Montessori (pronounced MON-tuh-SORE-ee) is a comprehensive educational approach from birth to adulthood based on the observation of children’s needs in a variety of cultures all around the world.
Beginning her work almost a century ago, Dr. Maria Montessori developed this educational approach based on her understanding of children’s natural learning tendencies as they unfold in “prepared environments” “for multi-age groups (0-3, 3-6, 6-9, 9-12, and 12-14).
The Montessori environment contains specially designed, “manipulative materials for development” that invite children to engage in learning activities of their own individual choice. Under the guidance of a trained teacher, children in a Montessori classroom learn by making discoveries with the materials, cultivating concentration, motivation, self-discipline, and a love of learning.
The Montessori Movement
“It is the child who takes the active part in the Montessori classroom, not the guide.”
The Montessori movement is not a narrow method of teaching but a broad philosophy of life that rests in faith in each child as a potential new beginning for humanity and the creator of the adult he will become. Every child possesses an inner force that drives him to grow and learn and that can be observed in his spontaneous activities. We respect their natural inquisitiveness, which makes learning an imperative, as much a basic need to the child as food, shelter, and love. We appreciate a child's relentless exploration through their senses and movements, which makes their environment a natural school. It is our purpose to observe the child’s natural interest and activities and provide an environment in which he or she can develop and learn.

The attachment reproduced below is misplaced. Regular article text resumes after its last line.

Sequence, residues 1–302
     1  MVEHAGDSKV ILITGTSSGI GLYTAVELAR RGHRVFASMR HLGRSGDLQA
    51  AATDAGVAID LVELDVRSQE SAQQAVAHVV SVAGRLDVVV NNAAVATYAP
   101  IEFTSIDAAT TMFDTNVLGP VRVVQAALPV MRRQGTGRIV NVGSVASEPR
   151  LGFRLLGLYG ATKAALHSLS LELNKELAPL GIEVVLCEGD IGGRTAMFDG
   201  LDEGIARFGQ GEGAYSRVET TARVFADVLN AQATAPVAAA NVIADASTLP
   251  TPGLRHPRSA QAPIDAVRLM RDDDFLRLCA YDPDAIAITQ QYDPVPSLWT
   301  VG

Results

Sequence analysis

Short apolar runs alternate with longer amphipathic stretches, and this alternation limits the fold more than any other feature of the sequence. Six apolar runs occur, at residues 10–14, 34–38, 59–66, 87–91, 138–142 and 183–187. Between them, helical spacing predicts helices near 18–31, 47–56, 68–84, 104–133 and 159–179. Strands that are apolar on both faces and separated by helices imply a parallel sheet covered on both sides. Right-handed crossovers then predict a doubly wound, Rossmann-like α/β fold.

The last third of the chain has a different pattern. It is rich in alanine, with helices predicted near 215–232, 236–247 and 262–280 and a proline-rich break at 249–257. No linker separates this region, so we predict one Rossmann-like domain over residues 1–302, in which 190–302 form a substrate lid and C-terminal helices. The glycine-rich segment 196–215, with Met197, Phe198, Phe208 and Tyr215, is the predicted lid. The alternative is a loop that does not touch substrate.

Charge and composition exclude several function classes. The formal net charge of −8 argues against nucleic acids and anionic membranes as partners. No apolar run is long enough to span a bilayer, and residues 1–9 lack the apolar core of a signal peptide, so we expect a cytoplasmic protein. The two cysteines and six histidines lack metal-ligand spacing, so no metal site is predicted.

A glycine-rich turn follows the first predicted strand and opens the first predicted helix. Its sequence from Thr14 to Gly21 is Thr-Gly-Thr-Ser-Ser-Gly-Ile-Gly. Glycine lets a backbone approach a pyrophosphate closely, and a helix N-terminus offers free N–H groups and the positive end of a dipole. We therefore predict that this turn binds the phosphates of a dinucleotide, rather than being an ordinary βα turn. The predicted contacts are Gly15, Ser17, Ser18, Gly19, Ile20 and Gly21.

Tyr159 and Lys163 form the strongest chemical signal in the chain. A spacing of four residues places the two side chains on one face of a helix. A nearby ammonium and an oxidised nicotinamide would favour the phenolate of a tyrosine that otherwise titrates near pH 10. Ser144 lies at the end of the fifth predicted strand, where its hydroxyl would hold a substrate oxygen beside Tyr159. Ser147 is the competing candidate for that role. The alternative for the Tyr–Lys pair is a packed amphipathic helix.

Observations of a Montessori Classroom
Below are some points you would notice about a Montessori Classroom:
- There is a three year age span of children within the classroom. Older children model for and assist younger children, younger children observe, emulate, and turn to older ones, and the sense of community that develops helps build self esteem.
- There are self-correcting materials within the environment. The materials are designed so that the children learn through their own errors to make the correct decision versus having the guide point it out to them.